Why Gabrielle Union Can’t Condone the Bold Glamour Filter as a Mom: “I’m Harming Us All”
Gabrielle Union has been a longtime advocate for mental health, often speaking out about her personal experiences. And this time, she’s opening up about the damage that filters can do. In a campaign for Dove, the “Bring It On” star got vulnerable about the popular “bold glamour” filter circulating on TikTok, which has now been used over 15 million times.
“Gotta admit, totally tried it and I was like gahhh, mmm, mhmmm. And I felt really good, except I didn’t, and I left it in the drafts,” Union said in a Dove Instagram Story, while showing a video of herself with the bold glamour filter on.
Though the filter may show a “prettier” and “more glamorous” version of users, many people have called out the digital-distortion feature for diminishing their self-confidence and triggering those with body dysmorphia. For Union, using the filter even made her feel anxious, and she struggled to make sense of her mixed emotions.
“It left me feeling anxious and sad and old and like blah,” Union went on to say. But a part of her also liked the version of herself that was being presented through the filter. “I liked it too much and part of why we all like it so much is because it actually blurs the lines of reality.”
And blurring the lines of reality is just not something she can cosign, especially as a mother who is trying to teach her kids acceptance and promote mental health. “If I’m a mom who’s teaching positive affirmations every night with my kids hoping they love themselves, and I’m leading by saying the only way I feel great is by erasing myself, I’m harming us all,” Union said.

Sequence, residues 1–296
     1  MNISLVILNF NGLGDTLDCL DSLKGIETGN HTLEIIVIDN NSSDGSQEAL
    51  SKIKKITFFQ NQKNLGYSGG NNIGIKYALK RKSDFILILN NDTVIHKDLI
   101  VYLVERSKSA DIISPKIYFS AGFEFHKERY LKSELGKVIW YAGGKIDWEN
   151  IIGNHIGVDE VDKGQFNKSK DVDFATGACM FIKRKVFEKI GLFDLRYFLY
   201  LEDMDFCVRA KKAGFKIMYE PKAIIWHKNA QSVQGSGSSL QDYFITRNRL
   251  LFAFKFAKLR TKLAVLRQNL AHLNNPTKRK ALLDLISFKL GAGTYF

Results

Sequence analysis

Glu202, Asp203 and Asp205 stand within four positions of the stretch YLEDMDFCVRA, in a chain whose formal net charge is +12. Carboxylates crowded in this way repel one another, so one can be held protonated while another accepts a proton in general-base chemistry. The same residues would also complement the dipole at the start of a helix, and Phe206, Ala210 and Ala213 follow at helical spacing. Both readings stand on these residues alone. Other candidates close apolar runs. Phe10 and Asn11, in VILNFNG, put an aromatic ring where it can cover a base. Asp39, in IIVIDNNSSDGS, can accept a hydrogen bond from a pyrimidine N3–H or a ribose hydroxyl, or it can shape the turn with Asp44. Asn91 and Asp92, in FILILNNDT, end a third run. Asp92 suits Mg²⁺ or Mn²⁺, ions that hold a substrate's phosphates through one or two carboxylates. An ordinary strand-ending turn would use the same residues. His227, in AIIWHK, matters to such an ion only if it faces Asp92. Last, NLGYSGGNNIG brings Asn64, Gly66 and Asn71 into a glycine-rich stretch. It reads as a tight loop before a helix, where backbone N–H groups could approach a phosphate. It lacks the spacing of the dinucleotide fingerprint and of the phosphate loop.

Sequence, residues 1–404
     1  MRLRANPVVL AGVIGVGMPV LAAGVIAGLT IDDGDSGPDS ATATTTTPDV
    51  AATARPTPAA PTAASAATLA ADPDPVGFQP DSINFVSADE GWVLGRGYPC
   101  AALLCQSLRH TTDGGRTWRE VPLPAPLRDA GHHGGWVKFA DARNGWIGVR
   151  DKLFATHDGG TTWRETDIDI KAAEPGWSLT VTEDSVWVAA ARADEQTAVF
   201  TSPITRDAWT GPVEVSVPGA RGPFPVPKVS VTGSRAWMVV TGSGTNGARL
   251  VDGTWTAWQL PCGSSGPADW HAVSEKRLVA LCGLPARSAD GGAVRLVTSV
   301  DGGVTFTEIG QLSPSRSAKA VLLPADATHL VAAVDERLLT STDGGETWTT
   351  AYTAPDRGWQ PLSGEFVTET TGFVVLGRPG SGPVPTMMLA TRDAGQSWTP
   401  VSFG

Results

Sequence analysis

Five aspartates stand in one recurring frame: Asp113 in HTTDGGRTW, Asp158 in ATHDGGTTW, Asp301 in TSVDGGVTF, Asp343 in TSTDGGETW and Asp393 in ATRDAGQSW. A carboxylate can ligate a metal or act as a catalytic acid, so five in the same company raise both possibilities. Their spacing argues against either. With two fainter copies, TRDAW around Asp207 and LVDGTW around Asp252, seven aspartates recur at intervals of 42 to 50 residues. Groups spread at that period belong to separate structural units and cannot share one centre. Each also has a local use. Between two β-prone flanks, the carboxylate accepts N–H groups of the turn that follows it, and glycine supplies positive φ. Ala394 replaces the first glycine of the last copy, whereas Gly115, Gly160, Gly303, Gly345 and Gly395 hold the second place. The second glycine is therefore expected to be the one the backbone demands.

For that reason, Union teamed up with Dove to encourage viewers to turn their back on the trend by using the hashtag #TurnYourBack and stopping use of the filter completely. To her, using this filter is not only harmful to viewer’s mental health, but also their children’s mental health too.
The actor and entrepreneur pointed out that that filters like this can be impactful on young children, adding that 80 percent of kids – and girls specifically – have already used a filter by age 13. And we already know that social media and the way we view ourselves on these platforms can make or break one’s self-esteem. But setting boundaries or not using filters at all, like Union suggests, can be incredibly helpful.
When it comes to social media, it’s important to remember to protect your peace, whether that means opting out of a filter trend or taking a break from social media altogether. Do what’s best for you.